We need to open dialog with Bashar Assad and the Baathists. That matters and it will give us a chance to get ahead.

At 3/25/2006 03:09:00 PM, Blogger Syrian Republican Party said...

Yeah, this is what the Jews at the Pentagon would like you to think. Look what they did and are doing in Iraq, look what are they trying to push in Lebanon, they are failing badly. This is typically Jewish thinking and Jewish strategy to insue civil strifes and prosper from it.

Landis, you are way far out on vacation in Zionville with this article and this perception of Syrian people thinking.

At 3/25/2006 05:25:00 PM, Blogger Charles Malik said...


This post directly contradicts your academic work on Sunni extremism in mosques in Syria. Which am I supposed to believe: your published articles, or your blog?

At 3/25/2006 05:43:00 PM, Blogger t_desco said...

Syria's ex-VP planned defection since '03-Islamist

DUBAI (Reuters) - Syria's exiled Muslim Brotherhood leader said on Saturday that former Vice-President Abdel-Halim Khaddam informed the group in 2003 that he planned to break ranks with President Bashar al-Assad.

"I might be revealing a secret (but) the position that Mr. Khaddam has taken was no surprise to us," Ali Bayanouni told Al Jazeera television.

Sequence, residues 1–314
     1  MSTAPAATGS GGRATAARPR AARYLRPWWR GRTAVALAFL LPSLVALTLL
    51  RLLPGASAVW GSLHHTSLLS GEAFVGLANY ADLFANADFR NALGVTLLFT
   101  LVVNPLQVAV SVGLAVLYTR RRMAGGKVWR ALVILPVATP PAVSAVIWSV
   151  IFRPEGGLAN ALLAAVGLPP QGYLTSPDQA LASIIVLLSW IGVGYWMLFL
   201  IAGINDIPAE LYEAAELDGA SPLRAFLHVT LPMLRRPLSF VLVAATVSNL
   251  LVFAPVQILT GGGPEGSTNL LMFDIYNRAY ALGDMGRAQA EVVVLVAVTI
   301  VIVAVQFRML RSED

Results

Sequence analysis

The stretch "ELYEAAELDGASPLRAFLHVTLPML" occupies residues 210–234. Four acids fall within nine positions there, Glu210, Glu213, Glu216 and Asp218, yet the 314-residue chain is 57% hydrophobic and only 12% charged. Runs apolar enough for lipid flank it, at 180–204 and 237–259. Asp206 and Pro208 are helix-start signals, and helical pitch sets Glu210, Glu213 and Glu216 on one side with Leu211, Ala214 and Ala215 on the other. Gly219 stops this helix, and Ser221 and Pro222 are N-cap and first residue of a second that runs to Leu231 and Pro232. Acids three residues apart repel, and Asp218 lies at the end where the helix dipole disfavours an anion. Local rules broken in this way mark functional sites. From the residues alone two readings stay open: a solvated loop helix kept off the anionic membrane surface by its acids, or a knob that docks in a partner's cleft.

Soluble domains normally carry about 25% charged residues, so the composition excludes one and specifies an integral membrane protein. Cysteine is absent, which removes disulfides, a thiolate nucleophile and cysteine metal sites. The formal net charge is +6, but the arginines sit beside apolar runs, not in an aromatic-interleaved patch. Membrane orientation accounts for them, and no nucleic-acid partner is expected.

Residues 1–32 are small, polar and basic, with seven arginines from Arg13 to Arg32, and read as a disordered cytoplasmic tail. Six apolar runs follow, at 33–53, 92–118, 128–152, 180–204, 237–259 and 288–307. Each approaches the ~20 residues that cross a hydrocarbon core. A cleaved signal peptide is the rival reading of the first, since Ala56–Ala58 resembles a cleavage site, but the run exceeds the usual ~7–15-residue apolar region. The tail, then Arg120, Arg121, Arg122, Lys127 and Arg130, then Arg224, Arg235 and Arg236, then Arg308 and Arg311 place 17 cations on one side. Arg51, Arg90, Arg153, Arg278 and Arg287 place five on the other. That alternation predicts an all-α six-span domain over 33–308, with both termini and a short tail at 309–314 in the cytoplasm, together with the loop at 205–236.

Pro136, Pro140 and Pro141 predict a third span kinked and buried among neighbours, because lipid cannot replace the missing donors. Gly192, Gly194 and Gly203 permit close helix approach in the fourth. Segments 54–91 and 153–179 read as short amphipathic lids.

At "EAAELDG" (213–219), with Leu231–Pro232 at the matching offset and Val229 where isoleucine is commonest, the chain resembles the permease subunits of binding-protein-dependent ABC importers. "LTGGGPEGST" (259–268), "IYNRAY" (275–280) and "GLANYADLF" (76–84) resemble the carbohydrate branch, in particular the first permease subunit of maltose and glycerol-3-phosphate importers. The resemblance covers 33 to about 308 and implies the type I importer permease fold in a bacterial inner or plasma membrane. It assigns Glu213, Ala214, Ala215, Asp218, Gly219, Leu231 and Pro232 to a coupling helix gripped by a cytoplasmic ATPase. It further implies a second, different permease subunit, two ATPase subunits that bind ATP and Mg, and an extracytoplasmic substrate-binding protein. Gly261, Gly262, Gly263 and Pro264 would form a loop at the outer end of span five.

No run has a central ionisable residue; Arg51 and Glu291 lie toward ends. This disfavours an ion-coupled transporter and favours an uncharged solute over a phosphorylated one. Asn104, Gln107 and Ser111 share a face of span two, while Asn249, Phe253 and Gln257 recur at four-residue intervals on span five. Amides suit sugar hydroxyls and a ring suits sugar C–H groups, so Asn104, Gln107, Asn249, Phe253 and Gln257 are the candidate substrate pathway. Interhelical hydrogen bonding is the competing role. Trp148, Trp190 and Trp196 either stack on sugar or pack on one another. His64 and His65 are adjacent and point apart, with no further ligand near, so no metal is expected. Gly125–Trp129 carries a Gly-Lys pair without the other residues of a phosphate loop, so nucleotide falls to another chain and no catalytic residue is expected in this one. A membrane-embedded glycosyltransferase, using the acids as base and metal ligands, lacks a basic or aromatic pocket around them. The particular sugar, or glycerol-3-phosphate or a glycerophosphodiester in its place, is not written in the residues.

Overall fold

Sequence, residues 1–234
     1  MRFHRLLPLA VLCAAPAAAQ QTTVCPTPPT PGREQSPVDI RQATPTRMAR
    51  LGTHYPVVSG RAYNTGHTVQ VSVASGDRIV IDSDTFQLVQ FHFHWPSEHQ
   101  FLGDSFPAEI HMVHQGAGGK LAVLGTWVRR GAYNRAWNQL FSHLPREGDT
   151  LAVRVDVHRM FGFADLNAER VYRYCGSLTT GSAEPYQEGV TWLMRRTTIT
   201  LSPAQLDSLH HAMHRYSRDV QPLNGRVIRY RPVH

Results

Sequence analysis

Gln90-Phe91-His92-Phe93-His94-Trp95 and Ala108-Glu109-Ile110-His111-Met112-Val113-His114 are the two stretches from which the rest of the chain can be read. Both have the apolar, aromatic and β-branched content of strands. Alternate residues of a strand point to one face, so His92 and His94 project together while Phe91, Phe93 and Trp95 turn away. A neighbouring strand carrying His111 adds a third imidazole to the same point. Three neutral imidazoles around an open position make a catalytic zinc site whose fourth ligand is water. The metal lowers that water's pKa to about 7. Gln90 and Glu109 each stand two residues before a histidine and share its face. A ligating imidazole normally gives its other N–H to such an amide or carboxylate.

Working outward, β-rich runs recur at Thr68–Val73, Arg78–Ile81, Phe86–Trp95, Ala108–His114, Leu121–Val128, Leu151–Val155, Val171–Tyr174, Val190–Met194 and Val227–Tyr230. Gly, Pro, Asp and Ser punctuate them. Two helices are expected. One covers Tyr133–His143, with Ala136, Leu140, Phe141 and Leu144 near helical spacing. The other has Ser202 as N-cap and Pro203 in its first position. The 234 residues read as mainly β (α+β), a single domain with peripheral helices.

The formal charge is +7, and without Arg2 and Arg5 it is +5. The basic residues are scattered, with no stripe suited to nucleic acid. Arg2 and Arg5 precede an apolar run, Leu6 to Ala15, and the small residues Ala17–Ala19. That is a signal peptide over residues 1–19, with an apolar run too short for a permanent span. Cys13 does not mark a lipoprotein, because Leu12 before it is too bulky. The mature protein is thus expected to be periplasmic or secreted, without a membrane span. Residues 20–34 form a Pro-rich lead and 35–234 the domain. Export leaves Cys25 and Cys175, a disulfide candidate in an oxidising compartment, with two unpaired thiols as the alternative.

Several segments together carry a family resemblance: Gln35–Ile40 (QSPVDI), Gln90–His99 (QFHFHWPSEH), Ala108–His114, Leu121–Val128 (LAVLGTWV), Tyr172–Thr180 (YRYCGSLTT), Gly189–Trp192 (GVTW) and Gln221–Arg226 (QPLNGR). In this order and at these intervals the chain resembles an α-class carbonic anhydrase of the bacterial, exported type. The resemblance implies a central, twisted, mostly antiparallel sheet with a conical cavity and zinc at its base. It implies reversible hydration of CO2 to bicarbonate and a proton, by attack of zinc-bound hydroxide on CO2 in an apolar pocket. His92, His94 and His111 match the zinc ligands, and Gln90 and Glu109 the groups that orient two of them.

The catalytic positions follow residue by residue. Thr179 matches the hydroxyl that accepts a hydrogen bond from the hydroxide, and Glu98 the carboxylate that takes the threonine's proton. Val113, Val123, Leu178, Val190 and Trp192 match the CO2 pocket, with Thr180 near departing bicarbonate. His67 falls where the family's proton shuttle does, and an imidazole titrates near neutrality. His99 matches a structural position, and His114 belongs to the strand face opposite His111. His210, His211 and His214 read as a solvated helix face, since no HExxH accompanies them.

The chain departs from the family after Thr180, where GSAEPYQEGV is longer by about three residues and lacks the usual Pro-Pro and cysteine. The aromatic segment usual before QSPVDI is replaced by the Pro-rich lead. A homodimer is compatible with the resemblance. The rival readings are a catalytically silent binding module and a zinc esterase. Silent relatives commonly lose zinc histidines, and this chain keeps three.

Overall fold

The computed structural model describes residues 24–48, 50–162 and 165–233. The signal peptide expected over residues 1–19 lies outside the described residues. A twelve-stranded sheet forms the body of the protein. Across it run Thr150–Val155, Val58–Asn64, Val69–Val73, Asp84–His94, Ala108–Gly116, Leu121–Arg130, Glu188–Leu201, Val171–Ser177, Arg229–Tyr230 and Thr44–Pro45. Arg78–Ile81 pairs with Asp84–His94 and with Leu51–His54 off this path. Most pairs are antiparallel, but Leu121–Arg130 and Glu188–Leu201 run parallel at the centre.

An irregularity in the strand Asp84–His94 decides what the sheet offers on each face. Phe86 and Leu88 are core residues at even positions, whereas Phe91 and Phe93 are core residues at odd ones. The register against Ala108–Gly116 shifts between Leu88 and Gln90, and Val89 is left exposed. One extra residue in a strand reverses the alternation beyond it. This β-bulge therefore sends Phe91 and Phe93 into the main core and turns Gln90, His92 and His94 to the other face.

"In 2003 ... an envoy came to us voicing his (Khaddam's) support and emphasising that we should continue our moderate and open approach and saying that he would join the opposition and announce this position when circumstances permitted," he said.

I wonder if he sought contact to other "interested parties" as well.

At 3/25/2006 11:25:00 PM, Blogger norman said...

I would not be surprised if the west wanted Syria to stop religous studies at the mosques ,Syria,s association with Iran comes as a repeat to the eighties when Syria was being attacked by the MB and later Israel to stop it from stoping Camp David and the unilateral peace between Israel and Egypt,and Iran which was being attacked by Saddam Iraq to protect the Gulf states and the spread of the Islamic revolution,Syria allways felt that Israel is the only majer enemy Arabs and moslems have and any war between arabs or moslem is a destraction and should not take place,The presure from the US and the west and their corupt Arab states did not ease on Syria untill Syria made it,s unquestionable stand with Iran and for confrontation,Syria made it clear that destabelising Syria will destabelise the whole is sad to see conflict between moslem sunni and Shaaias that will only make the minority like the christian suffer and Israel happy watching the moslems killing each other ,Syria,s stand with Iran is not religous but political and out of nessesity and Iran does not represent Shaai Arabs we have to remember that Hussein was an Arab and the son of law of the Prophet and any war between sunni and shaai arabs is part of our history and the civel war that led to the establishment of the Ommayad Khhalefa as did the civel war in the US that saved the union.